Unions have the same formats and operators as structures. Unlike structures, which reserve separate chunks of memory for each data member, unions allocate only enough memory to accommodate the largest data member. On 16-bit and 32-bit machines, for example, the definition

 union jack {
  long number;
  char chbuf[4];
 } chunk;

allocates only four bytes of memory. Variable chunk.number is a long, and chunk.chbuf[2] (for example) is a char, both within the same memory area. Figure 3.3 shows the memory layout for chunk.

Figure 3.3Figure 3.3. Memory layout of a union

You may create pointers to unions and initialize unions with an lvalue of the same data type as the union's first data member. Member functions are legal inside union definitions, but data members with constructors are not (see "Constructors" on page 181). Union assignment works just like structure assignment. Maintaining data integrity for union members is the programmer's responsibility.

C++ also has anonymous unions. An anonymous union allocates memory for its largest data member but doesn't create a type name (hence the name "anonymous"). Here's the format.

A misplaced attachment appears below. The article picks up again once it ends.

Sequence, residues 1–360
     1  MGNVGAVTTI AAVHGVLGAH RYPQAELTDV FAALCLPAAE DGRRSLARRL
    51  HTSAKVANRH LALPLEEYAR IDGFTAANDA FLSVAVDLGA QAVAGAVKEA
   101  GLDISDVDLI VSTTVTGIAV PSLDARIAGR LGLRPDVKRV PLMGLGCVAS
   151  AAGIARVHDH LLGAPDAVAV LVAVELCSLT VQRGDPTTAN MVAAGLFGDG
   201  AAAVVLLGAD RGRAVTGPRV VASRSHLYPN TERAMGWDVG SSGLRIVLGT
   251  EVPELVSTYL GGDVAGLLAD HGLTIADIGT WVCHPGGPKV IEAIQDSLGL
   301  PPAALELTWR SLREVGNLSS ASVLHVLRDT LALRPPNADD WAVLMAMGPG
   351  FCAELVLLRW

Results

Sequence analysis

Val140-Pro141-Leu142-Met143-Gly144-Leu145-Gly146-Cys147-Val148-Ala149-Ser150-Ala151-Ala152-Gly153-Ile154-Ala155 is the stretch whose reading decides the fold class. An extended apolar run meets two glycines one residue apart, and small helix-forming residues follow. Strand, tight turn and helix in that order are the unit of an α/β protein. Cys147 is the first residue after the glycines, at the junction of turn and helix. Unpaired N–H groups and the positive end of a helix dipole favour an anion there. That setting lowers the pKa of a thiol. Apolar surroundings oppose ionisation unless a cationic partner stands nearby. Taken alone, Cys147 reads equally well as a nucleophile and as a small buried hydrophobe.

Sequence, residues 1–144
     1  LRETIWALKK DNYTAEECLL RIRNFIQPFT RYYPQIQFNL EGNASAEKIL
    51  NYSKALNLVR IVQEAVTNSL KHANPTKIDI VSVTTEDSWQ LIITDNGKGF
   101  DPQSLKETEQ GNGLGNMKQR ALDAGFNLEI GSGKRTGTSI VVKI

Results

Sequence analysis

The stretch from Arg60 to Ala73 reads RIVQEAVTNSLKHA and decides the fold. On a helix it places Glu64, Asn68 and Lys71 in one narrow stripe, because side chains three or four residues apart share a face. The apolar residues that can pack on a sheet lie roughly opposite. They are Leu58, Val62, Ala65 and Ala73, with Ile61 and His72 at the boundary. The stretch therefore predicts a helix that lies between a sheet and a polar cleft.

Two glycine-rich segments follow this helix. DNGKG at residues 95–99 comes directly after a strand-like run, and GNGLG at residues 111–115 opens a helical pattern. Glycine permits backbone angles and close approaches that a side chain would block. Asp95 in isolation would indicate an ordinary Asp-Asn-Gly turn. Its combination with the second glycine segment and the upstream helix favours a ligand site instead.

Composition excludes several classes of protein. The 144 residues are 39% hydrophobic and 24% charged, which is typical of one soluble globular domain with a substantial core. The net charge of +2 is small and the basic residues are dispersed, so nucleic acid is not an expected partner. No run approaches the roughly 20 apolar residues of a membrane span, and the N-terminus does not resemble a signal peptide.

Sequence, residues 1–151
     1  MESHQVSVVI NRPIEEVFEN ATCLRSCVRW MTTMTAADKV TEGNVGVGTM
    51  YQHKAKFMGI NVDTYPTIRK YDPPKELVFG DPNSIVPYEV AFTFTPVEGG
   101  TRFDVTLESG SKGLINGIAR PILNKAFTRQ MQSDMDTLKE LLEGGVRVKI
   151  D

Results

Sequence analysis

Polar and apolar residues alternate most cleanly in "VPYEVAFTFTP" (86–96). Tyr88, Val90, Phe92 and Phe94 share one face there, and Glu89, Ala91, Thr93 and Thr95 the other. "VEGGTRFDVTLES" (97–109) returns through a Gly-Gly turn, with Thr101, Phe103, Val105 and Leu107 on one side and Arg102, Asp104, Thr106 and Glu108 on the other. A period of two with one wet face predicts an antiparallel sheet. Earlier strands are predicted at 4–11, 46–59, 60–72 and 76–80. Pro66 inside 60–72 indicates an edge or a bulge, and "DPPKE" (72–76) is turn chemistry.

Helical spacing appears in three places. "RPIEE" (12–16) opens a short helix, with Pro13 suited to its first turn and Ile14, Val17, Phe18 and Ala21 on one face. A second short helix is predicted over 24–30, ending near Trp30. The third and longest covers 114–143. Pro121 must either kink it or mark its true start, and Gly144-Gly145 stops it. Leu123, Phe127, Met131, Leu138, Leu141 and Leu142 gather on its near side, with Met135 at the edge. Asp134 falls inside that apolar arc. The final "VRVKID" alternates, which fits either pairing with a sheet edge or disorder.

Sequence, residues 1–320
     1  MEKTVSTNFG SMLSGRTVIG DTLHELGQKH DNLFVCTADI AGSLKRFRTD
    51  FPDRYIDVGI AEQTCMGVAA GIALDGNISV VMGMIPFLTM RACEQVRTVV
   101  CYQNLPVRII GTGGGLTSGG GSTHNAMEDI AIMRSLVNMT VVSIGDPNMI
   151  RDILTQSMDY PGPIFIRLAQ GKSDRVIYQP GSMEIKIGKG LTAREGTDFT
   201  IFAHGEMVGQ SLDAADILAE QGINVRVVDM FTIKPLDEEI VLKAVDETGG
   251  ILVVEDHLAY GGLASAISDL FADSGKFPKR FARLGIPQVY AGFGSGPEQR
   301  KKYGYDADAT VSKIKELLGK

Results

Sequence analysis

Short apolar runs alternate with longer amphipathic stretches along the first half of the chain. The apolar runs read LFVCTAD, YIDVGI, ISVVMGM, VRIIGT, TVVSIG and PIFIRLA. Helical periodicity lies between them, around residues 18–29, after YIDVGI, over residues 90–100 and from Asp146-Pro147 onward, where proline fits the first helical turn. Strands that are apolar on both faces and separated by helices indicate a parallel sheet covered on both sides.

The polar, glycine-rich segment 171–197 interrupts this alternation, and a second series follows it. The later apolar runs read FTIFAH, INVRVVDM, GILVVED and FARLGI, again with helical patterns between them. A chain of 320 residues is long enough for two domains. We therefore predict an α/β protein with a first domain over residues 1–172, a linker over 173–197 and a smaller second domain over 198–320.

union {
  Type data_member1;
  Type data_member2;
  Type data_memberN;

A program that declares an anonymous union may access data members directly (without a . or ->). Member functions are illegal inside anonymous union definitions.

To demonstrate anonymous unions, Listing 3.7 employs another version of itoh(), which converts short variables to hexadecimal characters for display.

Listing 3.7 Integer-to-hexadecimal conversion, using anonymous union

 void itoh(unsigned short n) {
  union {               // anonymous union
    unsigned short num;
    unsigned char s[sizeof(short)];
  const char *hex = "0123456789abcdef";
  num = n;              // store number as a short

  cout << hex[s[1] >> 4];       // first byte - high nibble
  cout << hex[s[1] & 15];       // first byte - low nibble

  cout << hex[s[0] >> 4];       // second byte - high nibble
  cout << hex[s[0] & 15];       // second byte - low nibble